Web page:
Turkish inflation seen at 42.5 precent in 2023

Turkey’s inflation is expected to fall to 42.5% this year, much higher than an official forecast, while GDP growth is seen far below the official forecast at 3%, a Reuters poll showed on Tuesday.

The results cast doubt on President Tayyip Erdogan’s programme of slashing interest rates to support economic growth, exports, investment and employment.

The rate easing cycle pursued since late 2021 led to a currency crisis, which in turn sent inflation to a 24-year high of 85.5% in October. While inflation eased to 64.3% in December due largely to base effects, economists expect its decline to be slower than Ankara expects.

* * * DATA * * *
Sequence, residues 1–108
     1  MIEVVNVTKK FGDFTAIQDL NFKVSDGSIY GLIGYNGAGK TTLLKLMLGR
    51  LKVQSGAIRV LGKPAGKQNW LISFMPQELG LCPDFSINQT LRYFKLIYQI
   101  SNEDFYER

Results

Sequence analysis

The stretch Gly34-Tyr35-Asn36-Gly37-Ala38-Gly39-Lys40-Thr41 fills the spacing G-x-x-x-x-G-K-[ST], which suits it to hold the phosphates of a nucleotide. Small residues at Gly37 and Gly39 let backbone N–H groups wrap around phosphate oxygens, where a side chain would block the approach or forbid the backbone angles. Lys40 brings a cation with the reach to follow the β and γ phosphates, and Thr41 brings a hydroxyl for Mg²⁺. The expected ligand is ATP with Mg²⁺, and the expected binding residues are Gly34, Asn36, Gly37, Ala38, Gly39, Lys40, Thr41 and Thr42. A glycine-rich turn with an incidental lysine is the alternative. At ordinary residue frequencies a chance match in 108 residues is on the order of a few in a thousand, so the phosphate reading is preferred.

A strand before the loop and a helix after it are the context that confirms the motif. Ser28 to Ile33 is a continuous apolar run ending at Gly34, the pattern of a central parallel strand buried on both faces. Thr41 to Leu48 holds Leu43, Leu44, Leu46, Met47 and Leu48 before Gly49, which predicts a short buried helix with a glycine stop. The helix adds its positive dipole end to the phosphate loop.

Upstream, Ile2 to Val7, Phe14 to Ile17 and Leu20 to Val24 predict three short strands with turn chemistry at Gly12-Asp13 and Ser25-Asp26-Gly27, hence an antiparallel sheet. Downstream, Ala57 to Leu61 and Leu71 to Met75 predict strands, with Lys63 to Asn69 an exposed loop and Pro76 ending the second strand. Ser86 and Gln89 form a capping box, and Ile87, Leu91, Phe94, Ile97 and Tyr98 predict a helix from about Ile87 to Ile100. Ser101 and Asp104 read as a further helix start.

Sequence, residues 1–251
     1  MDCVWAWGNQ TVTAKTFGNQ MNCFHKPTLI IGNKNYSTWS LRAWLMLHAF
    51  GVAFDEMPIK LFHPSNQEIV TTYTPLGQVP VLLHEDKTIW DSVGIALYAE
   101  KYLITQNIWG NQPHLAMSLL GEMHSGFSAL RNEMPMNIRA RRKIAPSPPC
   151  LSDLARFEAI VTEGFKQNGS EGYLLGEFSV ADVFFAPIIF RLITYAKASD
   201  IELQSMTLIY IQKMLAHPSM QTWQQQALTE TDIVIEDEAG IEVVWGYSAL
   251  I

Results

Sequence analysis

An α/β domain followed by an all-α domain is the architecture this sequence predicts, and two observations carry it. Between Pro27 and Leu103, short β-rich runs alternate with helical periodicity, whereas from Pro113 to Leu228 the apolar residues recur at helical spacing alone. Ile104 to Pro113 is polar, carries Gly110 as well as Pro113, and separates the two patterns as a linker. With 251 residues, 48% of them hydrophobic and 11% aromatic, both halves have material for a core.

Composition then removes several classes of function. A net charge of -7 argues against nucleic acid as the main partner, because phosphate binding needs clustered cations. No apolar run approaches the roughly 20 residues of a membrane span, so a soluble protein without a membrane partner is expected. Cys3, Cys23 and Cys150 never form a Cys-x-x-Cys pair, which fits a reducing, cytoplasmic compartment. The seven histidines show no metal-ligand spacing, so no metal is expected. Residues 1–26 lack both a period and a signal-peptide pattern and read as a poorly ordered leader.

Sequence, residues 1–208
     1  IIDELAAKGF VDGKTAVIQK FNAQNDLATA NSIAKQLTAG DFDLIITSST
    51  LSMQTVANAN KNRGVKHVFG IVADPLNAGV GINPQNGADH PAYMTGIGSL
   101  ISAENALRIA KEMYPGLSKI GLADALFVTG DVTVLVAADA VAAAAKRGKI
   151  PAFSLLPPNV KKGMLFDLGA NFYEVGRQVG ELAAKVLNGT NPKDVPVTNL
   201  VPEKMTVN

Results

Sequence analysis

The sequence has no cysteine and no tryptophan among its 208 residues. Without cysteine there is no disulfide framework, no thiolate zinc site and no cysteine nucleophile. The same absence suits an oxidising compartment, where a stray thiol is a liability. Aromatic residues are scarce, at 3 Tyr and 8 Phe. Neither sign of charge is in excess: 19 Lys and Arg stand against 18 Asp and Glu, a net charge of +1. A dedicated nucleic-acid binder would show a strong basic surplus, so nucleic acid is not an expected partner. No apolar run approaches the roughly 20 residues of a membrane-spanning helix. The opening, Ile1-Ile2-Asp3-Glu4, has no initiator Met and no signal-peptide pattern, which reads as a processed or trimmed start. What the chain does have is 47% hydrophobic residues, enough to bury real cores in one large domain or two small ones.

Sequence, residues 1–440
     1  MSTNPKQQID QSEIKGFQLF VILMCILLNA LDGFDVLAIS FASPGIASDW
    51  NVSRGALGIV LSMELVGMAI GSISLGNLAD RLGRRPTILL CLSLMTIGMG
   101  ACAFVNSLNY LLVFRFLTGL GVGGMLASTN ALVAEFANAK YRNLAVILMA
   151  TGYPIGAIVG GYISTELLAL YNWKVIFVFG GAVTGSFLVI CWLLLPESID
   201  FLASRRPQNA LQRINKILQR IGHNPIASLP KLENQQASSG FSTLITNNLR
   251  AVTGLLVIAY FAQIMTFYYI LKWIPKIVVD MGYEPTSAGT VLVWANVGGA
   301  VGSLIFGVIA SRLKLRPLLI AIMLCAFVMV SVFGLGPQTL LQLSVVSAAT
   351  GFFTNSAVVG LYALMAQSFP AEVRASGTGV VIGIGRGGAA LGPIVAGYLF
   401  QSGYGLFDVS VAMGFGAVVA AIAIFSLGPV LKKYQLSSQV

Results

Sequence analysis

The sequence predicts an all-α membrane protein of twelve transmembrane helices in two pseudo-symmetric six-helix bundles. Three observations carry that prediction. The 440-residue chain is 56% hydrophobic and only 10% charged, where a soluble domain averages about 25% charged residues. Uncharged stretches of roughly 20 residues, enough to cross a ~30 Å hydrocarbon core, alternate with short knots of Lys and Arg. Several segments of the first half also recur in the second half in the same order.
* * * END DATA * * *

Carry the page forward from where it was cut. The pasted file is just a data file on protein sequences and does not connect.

The median forecast of 12 economists in the poll stood at 42.5% for inflation at end-2023, with forecasts ranging between 28.5% and 48.1%. It was seen falling to 26.4% in 2024.

Those compare to Ankara’s inflation forecasts of 24.9% for 2023 and 13.8% for 2024. Officials say price stability will be achieved once chronic current account deficits flip to surpluses, as a result of the interest rate-cutting programme.

The poll also predicted gross domestic product (GDP) growth would fall short of official expectations. It is seen at 3% for both this year and next, according to the median of 28 economists, compared to Ankara’s forecasts of 5.0% and 5.5%, respectively.